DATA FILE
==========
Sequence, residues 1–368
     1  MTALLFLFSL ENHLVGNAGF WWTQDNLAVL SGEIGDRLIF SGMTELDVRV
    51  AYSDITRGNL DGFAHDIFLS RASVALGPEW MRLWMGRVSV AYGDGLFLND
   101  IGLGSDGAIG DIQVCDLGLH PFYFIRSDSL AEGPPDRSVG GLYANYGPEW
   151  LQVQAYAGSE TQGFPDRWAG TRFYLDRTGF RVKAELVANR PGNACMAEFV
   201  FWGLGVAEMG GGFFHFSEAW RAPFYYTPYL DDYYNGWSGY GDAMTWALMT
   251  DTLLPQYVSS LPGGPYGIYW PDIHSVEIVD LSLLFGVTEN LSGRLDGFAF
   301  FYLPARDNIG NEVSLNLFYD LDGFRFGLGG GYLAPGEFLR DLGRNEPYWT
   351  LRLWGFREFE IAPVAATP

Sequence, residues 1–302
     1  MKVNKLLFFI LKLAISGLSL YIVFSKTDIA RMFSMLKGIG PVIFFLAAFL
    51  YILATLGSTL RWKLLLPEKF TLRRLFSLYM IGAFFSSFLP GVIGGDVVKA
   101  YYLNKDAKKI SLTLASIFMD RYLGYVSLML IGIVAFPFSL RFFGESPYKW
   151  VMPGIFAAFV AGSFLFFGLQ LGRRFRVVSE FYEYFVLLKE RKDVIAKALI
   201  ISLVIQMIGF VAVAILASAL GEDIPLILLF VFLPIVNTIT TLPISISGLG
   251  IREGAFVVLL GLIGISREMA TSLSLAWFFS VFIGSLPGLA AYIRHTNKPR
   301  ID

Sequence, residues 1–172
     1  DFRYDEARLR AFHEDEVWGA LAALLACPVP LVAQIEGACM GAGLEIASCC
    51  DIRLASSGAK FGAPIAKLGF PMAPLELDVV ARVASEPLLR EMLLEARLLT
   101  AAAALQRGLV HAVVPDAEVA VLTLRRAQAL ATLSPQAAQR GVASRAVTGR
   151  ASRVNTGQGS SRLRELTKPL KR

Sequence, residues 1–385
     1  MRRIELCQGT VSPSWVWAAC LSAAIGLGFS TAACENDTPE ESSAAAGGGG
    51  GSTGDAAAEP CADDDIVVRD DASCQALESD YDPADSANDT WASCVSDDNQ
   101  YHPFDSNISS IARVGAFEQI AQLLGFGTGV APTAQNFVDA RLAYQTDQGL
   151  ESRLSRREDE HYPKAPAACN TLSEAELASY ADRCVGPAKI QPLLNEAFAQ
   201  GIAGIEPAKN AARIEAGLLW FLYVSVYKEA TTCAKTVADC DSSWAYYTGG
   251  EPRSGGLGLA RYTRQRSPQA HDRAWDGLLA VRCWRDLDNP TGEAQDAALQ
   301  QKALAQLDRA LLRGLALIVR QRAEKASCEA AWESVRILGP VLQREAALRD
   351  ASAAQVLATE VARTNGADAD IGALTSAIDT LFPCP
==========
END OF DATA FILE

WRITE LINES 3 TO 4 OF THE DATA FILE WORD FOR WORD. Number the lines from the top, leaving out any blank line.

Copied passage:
    51  AYSDITRGNL DGFAHDIFLS RASVALGPEW MRLWMGRVSV AYGDGLFLND
   101  IGLGSDGAIG DIQVCDLGLH PFYFIRSDSL AEGPPDRSVG GLYANYGPEW